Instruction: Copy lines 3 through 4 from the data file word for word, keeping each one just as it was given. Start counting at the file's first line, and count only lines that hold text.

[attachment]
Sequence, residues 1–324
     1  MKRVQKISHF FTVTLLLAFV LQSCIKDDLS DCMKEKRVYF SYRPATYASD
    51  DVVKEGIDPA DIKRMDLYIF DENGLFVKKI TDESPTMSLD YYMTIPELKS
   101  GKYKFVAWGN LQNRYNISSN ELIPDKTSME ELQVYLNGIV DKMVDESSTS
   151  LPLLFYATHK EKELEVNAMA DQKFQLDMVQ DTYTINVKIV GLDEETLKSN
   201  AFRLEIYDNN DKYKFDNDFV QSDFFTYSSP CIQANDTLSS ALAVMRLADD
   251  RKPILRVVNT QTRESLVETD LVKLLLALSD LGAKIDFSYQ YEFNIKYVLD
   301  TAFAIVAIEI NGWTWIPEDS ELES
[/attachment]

    51  DVVKEGIDPA DIKRMDLYIF DENGLFVKKI TDESPTMSLD YYMTIPELKS
   101  GKYKFVAWGN LQNRYNISSN ELIPDKTSME ELQVYLNGIV DKMVDESSTS